The volume of information on green homes is overwhelming. For those of us who live in older homes, the situation can be daunting. A useful analogy is to think of the home as a body. The home’s overall health (particularly as it ages) must be attended to in a holistic manner. To focus on only one ailment, such as an inefficient boiler while ignoring leaky windows, is akin to trying to cure your chronic cough while continuing to chain-smoke.
Furthering the home/body analogy, new diagnostic techniques have been developed to identify the sources of heat loss, verify proper construction techniques and check overall efficiency. Infrared photography (to identify heat loss areas), blower-door testing (to find air leaks) and computer modeling (to properly design and size components) are among the tools of energy auditors.
Step 1: Get your home a check-up!
Utility companies have offered energy audits for many years, but the quality and effectiveness of home energy audits has increased greatly with sophisticated diagnostic tools. Currently, Massachusetts residents are eligible for free energy audits through Mass Save, a coalition of utility providers. This audit will result in a report and scope-of-work for qualified contractors, along with a list of available financial incentives and rebates for energy upgrades. The insulation rebate alone will pay for 75% of the cost, up to $2,000, which buys a lot of insulation. DSIRE offers the most comprehensive list of all financial incentives available in the state.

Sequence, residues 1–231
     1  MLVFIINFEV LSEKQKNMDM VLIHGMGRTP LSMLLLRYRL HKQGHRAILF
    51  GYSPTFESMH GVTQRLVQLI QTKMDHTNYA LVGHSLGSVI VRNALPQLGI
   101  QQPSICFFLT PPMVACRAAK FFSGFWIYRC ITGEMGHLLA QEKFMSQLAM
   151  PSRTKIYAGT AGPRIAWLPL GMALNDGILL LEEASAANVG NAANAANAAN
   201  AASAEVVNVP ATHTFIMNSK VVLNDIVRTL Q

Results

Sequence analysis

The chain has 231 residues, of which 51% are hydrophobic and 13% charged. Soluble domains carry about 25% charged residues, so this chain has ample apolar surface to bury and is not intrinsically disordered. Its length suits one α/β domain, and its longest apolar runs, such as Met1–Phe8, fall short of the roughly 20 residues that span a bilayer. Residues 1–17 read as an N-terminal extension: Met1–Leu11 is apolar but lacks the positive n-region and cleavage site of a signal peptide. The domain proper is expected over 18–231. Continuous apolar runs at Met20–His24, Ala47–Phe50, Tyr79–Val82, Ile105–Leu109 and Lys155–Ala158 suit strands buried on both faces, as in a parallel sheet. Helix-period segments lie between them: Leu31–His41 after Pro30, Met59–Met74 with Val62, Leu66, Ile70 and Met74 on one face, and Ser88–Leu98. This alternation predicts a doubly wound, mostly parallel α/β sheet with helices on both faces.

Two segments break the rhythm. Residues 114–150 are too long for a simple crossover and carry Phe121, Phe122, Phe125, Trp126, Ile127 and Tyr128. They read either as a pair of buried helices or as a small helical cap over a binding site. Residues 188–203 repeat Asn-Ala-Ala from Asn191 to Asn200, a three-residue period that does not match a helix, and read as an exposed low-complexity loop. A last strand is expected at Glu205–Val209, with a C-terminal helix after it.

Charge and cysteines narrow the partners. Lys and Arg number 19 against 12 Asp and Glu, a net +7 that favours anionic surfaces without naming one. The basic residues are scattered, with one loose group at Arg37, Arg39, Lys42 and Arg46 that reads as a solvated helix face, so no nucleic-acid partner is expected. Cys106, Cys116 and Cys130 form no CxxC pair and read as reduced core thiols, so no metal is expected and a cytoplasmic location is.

We always recommend an energy audit to our clients, and factor the results into our design work. Our energy auditors go on to prepare energy models of the proposed design to help us consider options and make decisions. During construction, the auditor stays involved to inspect construction detailing and insulation to qualify the home for rebates and incentives.
While it is easier to achieve green goals when building a new home, renovating or retrofitting a home offers the opportunity to radically improve efficiencies while increasing comfort, utility and beauty.
Further posts will explore specific aspects of the home/body analogy.